Crank Bros Joplin

There is a song…

I drop down, then get up again

you’re never going to keep me down

I drop down, then get up again

I’m never gonna clear that jump…

Even with a quick release lifting and dropping your saddle takes too much time and that is why you do not really bother. Some of us ride with the saddle too low and develop the attractive hunchback look for most of the next day and others find ourselves in the dark on tip-toe trying to find a ledge of air as we roll to a stop on top of a wet log.

A seat dropper will not turn you into a guardsman or provide temporary levitation but it gives you more room. You do not need to compromise and that gives you body space on the jumps and forces you to move over the bike before the obstacle, over the obstacle, after the obstacle and it makes it easy to remount when you pick yourself up from the mud.

It does add a little weight so for the roadie bodies you will be compromising the gains of the carbon brake levers but for most of us – well.

The main drawback, apart from the high cost, has been the reliability and this still looms above any potential purchase. But several of us are using different models and complaints of failure are rarer. You may need to clean it a bit and you will need to carry out a bit of maintenance but does it help.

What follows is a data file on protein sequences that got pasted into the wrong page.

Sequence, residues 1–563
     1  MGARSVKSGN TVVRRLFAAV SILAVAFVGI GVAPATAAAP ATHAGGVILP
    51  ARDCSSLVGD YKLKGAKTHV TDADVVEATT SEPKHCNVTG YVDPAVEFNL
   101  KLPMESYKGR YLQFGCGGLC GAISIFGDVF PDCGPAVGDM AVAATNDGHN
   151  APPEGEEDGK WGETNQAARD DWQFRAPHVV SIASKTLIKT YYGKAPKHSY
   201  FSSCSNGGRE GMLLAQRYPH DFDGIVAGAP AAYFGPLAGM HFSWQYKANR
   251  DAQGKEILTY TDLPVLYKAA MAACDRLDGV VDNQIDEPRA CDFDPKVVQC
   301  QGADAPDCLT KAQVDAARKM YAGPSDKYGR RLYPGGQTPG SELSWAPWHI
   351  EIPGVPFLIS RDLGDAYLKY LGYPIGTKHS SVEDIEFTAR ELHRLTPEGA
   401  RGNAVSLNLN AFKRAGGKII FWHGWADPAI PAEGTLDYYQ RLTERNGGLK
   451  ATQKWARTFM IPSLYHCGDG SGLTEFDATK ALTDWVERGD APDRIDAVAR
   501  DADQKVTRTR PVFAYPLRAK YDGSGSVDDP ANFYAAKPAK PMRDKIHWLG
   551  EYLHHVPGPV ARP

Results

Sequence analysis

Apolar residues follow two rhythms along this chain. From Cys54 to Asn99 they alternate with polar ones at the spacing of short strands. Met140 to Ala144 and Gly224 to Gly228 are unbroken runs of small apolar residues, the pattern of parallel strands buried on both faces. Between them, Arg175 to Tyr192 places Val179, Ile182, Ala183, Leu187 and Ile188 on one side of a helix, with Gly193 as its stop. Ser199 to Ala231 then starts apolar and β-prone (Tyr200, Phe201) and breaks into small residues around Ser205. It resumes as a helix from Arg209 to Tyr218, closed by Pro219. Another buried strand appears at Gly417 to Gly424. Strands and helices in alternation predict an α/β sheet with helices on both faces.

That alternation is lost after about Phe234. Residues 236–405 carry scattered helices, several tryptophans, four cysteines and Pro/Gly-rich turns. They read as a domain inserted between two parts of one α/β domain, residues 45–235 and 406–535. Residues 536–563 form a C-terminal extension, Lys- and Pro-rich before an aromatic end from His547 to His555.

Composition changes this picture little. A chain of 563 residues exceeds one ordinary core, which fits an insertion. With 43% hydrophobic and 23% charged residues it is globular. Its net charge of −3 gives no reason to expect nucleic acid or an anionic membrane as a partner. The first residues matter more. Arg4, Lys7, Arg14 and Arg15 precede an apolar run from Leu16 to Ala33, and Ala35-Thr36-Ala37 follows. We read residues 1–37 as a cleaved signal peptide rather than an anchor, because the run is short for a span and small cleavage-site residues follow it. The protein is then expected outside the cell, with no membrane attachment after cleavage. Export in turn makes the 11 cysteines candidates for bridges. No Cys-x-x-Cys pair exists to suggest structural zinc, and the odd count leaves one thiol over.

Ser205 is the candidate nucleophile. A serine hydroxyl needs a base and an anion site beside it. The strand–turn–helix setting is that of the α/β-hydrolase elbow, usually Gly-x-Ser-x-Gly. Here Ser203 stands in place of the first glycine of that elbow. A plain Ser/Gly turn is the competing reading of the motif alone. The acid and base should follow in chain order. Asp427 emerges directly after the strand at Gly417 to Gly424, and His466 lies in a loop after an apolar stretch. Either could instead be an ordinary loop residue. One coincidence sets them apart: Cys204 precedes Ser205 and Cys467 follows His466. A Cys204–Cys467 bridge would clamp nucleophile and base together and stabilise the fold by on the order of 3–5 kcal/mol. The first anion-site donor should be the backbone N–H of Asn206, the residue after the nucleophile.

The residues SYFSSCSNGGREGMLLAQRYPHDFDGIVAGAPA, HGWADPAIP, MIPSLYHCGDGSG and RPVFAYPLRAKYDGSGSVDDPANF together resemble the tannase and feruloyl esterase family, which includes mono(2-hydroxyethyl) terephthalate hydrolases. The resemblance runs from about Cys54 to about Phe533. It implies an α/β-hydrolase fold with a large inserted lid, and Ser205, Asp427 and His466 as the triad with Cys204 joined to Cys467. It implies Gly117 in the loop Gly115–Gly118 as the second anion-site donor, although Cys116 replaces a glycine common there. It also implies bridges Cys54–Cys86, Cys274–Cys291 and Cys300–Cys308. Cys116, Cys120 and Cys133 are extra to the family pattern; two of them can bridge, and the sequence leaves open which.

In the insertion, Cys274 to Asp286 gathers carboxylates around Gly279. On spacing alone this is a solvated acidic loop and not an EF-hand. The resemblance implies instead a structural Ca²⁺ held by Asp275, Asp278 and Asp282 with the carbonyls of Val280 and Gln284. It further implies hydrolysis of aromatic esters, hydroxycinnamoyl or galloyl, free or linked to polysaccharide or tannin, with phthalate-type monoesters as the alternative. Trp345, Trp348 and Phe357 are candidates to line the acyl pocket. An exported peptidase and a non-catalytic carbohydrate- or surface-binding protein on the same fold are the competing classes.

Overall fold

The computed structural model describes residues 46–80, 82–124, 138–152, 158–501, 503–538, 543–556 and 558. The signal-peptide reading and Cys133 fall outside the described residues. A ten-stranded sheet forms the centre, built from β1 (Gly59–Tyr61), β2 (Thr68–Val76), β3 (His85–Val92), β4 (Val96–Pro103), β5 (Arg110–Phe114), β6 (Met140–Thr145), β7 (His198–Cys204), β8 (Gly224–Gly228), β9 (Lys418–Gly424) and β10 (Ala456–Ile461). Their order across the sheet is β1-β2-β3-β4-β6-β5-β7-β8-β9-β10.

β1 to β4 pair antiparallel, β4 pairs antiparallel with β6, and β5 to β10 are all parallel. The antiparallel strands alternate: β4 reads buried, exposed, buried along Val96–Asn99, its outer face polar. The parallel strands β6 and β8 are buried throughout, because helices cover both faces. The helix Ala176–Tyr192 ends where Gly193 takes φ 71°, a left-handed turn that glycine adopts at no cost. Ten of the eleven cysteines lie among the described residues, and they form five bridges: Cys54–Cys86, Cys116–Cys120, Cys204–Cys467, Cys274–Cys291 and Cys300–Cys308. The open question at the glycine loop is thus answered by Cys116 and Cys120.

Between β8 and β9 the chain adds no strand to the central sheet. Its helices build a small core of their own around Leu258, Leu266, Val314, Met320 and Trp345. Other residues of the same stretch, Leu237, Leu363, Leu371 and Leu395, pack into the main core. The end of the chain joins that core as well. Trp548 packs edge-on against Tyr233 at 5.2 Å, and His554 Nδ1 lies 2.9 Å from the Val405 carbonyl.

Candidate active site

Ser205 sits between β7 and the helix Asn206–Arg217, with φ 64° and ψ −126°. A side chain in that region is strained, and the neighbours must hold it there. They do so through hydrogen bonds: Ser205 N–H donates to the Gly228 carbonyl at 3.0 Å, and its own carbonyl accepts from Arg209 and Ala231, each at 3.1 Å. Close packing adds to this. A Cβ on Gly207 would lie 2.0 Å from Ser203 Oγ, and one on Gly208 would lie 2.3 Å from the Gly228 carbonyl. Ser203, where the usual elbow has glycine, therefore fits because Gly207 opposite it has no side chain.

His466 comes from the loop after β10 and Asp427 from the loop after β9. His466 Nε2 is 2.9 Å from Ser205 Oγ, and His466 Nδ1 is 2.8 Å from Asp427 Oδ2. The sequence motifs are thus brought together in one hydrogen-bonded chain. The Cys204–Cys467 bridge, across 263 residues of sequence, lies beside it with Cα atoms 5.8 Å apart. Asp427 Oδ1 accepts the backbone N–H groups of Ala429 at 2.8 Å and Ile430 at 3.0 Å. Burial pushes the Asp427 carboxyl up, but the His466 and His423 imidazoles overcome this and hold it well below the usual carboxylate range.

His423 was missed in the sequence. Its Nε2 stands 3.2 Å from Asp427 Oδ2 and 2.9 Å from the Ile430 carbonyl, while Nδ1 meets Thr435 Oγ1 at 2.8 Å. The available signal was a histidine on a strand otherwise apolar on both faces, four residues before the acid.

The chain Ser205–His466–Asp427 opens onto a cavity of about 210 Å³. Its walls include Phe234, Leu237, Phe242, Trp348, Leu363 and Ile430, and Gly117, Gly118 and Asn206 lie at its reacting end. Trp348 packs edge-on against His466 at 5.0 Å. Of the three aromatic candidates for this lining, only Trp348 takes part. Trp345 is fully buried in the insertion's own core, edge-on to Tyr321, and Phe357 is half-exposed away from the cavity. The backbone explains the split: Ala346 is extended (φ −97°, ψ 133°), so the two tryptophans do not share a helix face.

Sure it does, because you no longer fire yourself into the undergrowth when you ‘thump your rump’.

We all make the old mistake of not getting back behind the saddle on the steeper drops, just one little hump and thump. Bent arms, folded over the bars, fight for control and pretend you had plenty in reserve; if you manage to stay upright that is.

So long term use for this Crank Bros-Maverick remake has been trouble free. I have kept it clean and I check the knurled clamp to ensure it does not loosen but it keeps working. Up and down.

I do not have the remote lever on the handlebars which may help a racer or allow a quicker drop in an emergency but the below saddle lever seems an easy reach.

I have used some carbon paste on the seatpost as it helps the fit and reduce the clamp strength and because you move the seatpost less frequently than a standard post.

Is it for everyone? – probably not, but for the less confident it makes jumps and obstacles a little easier and when lifted it helps by about a gear on a hill rather than leaving the seatpost dropped.

So consider investing a little money, (£100 cost for this), and gain a little space on the hard bits as winter has arrived again.

I drop down, then get up again

you’re never going to keep me down

I drop down, then get up again

I’m never gonna thump my rump…


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